Sunday, 1 June 2008

A wet future?

The global population is rising and the amount of usable water is declining.  Countries such as the UK, Belgium, Poland and South Africa are already classed as 'water-stressed' (less than 1700 cubic metres per year per capita). Parts of the Middle East and North Africa are further classed as 'water-scarce' (less than 1000 cubic metres).  Countries such as India and parts of Africa are expected to have severe water supply issues in the next decade.  Such areas are also those in which population is expected to grow at the fastest rates.   There is likely to be desperation and conflict over water in the future. 

There are a few different strategies for addressing the water supply problem.   Given that approximately 80% of the Earth's surface is covered by water, it is rather a case of water being in the wrong places and in many cases containing too much salt!   De-salination is possible but needs to be cheaper to perform.  Some new technologies may be able to achieve this.  Nano-technology is one such approach - with new membranes that allow the water to be purified, amongst other ideas.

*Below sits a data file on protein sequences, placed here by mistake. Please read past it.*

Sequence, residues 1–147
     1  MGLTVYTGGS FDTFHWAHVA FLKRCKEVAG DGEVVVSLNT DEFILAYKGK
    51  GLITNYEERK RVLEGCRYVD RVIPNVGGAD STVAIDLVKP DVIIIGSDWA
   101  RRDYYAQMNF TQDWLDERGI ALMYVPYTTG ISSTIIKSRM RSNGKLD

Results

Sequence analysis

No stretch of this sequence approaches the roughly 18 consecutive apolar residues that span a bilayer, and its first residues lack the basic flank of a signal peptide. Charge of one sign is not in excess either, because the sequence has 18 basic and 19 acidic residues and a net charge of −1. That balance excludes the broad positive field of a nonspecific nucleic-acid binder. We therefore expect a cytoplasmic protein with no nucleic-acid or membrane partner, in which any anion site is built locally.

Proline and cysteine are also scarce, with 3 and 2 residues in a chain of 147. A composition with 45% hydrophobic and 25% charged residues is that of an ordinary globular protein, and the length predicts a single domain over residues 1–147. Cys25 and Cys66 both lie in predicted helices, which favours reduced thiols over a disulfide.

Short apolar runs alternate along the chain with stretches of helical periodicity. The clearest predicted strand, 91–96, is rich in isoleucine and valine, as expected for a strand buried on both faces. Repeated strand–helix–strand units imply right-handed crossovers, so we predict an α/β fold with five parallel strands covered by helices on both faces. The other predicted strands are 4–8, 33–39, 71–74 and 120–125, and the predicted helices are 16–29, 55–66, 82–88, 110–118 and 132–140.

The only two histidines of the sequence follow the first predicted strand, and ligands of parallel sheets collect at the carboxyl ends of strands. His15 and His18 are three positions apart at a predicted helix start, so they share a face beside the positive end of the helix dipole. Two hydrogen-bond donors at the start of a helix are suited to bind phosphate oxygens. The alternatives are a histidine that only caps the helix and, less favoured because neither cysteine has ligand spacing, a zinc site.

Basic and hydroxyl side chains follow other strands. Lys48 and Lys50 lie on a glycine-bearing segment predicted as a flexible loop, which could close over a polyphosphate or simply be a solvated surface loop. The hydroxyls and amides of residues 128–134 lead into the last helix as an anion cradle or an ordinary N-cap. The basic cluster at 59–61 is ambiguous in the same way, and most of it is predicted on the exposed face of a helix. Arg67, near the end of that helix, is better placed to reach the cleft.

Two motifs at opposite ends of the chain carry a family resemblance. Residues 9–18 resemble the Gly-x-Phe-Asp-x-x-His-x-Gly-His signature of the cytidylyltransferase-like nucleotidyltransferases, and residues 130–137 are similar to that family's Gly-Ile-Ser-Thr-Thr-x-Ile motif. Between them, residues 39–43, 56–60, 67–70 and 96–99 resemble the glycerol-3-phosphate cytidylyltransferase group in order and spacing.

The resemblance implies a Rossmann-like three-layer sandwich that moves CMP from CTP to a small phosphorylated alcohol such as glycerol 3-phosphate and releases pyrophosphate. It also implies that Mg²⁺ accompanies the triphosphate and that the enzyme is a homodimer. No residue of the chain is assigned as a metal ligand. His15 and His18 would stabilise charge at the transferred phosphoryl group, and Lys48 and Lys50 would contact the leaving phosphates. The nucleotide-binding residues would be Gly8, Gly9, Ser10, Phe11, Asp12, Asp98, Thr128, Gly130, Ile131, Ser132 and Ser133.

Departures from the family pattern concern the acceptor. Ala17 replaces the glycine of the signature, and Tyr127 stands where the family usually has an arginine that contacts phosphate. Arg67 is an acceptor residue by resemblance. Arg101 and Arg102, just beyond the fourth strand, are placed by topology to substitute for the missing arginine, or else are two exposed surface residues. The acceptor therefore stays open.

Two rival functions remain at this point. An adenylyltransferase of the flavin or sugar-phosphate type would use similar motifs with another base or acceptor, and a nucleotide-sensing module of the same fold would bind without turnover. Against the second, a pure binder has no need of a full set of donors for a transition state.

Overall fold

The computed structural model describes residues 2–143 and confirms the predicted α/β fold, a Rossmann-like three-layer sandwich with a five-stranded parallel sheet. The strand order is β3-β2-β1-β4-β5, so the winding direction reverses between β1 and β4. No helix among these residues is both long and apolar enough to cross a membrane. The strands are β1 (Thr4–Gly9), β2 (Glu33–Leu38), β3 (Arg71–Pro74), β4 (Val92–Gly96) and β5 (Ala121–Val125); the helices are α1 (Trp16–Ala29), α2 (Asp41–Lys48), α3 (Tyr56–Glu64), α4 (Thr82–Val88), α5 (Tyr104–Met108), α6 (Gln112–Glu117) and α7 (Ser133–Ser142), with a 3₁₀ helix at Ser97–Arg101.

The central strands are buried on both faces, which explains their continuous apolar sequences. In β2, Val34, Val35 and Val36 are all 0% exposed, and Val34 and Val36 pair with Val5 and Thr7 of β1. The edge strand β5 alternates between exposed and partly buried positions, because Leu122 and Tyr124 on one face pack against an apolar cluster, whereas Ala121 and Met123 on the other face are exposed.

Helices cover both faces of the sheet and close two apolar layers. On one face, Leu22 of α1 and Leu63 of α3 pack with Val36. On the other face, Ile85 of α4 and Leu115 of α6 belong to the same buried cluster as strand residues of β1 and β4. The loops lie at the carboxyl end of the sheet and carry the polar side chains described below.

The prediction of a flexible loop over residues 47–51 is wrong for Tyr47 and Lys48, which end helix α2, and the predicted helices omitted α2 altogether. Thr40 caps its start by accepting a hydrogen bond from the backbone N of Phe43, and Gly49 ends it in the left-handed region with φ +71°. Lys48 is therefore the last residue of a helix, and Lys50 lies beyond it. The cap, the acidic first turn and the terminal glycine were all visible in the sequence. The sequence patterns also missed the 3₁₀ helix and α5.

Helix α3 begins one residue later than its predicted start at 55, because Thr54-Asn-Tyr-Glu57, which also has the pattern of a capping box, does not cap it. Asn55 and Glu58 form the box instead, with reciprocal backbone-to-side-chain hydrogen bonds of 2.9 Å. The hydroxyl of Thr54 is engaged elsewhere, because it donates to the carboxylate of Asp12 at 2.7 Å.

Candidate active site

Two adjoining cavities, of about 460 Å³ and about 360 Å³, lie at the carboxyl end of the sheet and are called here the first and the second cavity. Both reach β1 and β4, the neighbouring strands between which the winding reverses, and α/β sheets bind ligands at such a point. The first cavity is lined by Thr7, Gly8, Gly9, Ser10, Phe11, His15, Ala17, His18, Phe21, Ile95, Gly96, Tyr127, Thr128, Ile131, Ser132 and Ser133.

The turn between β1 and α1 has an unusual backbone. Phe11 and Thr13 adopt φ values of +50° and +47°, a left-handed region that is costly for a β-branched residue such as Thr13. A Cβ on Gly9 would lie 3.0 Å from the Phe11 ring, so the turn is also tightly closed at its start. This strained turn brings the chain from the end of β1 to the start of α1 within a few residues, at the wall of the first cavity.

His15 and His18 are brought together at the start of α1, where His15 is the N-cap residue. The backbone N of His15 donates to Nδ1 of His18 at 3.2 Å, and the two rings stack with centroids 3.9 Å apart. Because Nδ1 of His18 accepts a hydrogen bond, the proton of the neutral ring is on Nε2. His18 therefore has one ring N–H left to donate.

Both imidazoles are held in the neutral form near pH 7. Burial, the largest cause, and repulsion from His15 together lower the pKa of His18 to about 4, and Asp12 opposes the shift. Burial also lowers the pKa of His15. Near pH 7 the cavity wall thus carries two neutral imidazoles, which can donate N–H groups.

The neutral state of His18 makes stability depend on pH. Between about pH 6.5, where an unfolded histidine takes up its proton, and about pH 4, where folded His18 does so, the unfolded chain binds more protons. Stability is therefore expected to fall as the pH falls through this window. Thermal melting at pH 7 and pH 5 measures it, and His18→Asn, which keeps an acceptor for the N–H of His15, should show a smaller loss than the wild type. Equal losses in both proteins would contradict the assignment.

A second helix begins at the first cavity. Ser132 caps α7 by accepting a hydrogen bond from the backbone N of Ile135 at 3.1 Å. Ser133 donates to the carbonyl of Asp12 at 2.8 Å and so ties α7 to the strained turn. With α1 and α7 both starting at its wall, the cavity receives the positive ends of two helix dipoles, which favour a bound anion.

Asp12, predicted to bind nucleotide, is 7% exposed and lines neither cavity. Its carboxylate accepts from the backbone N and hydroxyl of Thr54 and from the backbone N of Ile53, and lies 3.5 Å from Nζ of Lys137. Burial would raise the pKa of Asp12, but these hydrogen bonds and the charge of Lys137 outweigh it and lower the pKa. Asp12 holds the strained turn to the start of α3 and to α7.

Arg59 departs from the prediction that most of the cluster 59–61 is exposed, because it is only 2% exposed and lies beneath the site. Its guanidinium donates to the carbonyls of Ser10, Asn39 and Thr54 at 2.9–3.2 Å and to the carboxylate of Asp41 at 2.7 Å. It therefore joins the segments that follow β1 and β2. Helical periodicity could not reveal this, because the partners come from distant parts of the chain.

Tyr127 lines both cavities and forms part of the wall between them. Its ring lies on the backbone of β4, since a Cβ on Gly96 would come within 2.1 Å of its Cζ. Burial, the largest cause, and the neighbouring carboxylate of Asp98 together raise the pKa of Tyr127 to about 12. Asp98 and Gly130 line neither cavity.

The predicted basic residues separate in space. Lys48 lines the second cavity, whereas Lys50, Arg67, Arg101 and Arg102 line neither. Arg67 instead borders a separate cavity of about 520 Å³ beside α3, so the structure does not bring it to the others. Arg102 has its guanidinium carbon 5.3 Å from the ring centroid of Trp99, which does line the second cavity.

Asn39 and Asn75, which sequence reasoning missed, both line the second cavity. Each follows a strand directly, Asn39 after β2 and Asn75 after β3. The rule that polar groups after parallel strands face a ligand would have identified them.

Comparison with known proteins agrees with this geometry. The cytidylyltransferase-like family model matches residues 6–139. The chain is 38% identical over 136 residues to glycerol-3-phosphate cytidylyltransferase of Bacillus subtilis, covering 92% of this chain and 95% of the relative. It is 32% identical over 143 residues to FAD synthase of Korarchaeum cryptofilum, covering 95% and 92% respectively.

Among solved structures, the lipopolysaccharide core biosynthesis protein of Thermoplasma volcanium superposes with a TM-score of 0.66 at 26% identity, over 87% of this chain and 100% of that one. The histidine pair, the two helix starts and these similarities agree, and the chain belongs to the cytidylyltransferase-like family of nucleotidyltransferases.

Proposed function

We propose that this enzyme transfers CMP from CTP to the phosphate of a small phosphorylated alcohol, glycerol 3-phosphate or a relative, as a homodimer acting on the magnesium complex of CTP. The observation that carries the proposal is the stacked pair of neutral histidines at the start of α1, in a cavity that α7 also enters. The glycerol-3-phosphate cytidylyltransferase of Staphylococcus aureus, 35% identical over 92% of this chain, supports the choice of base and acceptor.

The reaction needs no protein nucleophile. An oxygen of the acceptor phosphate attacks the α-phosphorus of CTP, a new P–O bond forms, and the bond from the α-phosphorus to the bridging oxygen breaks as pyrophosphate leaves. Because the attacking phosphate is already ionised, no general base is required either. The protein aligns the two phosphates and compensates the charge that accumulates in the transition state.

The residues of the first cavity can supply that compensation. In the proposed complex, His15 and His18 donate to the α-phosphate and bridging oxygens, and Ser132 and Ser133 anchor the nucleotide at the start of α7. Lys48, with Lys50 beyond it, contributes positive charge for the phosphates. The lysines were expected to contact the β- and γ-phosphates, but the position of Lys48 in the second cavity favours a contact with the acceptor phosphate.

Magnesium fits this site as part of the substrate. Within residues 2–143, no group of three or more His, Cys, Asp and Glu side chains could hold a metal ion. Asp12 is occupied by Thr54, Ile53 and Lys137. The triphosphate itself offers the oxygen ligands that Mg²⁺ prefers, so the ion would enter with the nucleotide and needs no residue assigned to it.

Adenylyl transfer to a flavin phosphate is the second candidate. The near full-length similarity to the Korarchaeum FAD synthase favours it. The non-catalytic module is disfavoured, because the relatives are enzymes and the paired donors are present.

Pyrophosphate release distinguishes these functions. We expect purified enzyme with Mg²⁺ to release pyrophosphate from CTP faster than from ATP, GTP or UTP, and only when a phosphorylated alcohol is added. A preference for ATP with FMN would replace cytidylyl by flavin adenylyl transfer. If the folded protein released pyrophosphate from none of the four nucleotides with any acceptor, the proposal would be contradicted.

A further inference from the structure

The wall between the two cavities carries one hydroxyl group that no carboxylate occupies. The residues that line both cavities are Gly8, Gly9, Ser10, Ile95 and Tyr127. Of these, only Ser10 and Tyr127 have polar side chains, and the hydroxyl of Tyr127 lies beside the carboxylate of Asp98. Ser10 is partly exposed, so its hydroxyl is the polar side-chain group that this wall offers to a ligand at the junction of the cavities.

Water also has the highest thermal capacity of any commonly available substance.  Humans could learn lessons from nature in this regard where water is an important storage mechanism for energy storage.   Recovering heat from water and recycling waste water are also ways that humans in scarce areas will be able to address the problem.  On the International Space Station, they recycle about 97% of water which infers that space exploration may also offer some innovation for Earth's water shortages.  Mining water from comets in space may be an option in future space travel - though it's harder to envisage this happening very soon!   In the far future, it may be that humans begin getting used to living on or under water more, and embrace a more aquatic lifestyle.  

No comments: